Saturday, January 31, 2015

softheaded checkers-players stay mad and mean-mugging outside chess tournaments...,

guardian |  Incensed by a report Iran would transfer most of it enriched uranium to Russia, conservatives in Tehran have levelled new criticisms against Iranian negotiators for not standing firm against United States’ demands over the nuclear programme.

The Associated Press news agency on 2 January, quoting two anonymous diplomats, claimed Iran had agreed in talks with world powers to send a large portion of its enriched uranium to Russia, presumably for processing into fuel for power generation. The conservative-aligned website Nuclear Iran, which covers the nuclear negotiations including their technical aspects, noted with alarm that exporting fissile material had previously been regarded as one of the country’s “red lines”. 

Critics of talks in Iran were not appeased by a denial of the AP story by Marzieh Afkham, spokeswoman of the foreign ministry, especially as she did not comment on whether the US had suggested such a transfer during the talks.

Two days after the AP report, in an interview with the conservative website Raja News, parliamentary deputy Javad Karimi Ghoddousi claimed the Americans had presented an eight-page set of proposals that the Iranian negotiators considered “the worst yet”. Karimi Ghoddousi said deputies had questioned members of Iran’s negotiation team, and while he did not explicitly say he had been given details by one of the Iranian team, readers of Raja News would know that Karimi Ghoddousi is a member of the parliament’s national security and foreign policy commission, which often has confidential briefings with negotiators, including Mohammad Javad Zarif, the foreign minister.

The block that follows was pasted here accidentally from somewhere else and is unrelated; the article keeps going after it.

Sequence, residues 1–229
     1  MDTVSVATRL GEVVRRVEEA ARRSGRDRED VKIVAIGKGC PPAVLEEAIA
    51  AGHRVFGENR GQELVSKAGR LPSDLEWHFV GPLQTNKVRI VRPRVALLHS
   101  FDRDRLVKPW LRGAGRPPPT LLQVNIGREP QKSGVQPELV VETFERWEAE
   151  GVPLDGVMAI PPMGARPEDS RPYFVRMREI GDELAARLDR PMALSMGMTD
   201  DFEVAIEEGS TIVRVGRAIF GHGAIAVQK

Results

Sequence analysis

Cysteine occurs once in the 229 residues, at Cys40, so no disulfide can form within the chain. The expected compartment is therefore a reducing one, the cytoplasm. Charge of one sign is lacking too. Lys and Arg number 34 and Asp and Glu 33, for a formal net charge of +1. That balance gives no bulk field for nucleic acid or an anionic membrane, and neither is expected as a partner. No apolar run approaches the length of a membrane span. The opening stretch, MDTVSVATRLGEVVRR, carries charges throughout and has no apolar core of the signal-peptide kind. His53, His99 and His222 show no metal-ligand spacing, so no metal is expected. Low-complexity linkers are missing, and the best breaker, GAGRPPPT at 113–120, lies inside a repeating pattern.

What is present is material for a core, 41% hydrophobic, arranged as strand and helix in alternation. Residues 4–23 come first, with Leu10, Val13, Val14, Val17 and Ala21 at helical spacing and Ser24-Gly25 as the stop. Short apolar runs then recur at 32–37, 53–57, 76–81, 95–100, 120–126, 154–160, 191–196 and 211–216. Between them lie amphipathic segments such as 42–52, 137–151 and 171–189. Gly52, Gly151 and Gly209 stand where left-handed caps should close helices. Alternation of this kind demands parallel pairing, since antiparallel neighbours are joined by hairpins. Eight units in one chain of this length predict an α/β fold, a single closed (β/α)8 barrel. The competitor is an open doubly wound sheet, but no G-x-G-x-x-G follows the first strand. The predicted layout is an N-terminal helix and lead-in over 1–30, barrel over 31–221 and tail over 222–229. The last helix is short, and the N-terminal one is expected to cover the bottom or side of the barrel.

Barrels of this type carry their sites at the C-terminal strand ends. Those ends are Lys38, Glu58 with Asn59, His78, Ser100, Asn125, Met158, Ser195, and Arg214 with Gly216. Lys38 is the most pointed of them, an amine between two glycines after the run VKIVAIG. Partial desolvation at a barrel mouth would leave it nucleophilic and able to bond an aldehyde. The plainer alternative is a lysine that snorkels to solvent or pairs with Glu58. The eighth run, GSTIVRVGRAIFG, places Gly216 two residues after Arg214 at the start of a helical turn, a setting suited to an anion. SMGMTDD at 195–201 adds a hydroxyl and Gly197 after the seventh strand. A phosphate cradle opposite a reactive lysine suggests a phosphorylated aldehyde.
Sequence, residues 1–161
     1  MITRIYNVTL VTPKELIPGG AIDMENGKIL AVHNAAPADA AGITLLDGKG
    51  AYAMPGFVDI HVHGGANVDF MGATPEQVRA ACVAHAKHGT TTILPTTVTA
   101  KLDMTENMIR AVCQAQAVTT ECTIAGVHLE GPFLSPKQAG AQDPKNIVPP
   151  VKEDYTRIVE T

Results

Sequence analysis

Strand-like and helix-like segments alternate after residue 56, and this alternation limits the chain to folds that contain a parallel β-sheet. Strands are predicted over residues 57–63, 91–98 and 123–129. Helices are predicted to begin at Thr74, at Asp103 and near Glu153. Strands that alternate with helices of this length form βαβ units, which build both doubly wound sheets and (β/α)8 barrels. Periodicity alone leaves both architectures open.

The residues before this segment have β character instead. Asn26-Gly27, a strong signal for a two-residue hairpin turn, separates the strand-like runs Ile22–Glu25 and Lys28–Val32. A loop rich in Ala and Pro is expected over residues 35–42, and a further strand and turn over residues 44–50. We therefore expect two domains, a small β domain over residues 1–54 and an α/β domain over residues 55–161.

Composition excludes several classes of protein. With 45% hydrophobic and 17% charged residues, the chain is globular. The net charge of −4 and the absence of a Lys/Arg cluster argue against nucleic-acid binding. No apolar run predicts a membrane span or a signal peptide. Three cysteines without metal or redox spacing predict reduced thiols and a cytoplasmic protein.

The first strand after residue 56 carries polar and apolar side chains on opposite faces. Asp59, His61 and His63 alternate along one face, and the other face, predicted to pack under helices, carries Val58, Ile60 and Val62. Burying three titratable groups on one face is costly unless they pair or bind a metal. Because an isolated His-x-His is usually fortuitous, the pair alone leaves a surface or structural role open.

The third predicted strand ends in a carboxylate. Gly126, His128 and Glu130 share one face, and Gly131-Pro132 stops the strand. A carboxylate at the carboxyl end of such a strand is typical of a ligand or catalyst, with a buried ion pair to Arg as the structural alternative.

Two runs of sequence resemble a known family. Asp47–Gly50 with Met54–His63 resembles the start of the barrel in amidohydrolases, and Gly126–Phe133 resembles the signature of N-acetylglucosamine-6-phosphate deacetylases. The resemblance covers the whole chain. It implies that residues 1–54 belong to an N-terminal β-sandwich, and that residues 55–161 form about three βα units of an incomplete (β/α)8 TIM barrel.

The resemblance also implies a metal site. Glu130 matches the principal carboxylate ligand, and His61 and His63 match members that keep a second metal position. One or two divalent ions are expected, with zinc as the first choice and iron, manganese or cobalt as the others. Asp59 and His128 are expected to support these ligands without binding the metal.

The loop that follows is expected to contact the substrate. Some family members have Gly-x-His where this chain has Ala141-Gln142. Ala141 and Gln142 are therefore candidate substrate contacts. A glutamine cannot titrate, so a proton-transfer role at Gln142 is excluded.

Among the demands the Americans had made, said Karimi Ghoddousi, backing up the AP story, was the export of Iran’s enriched uranium (which is enriched to under 5%, Iran’s 20% enriched uranium, nearer to weapons grade, has been diluted or converted under the 2013 Geneva interim nuclear agreement) to a third party, which they suggested should be Russia.


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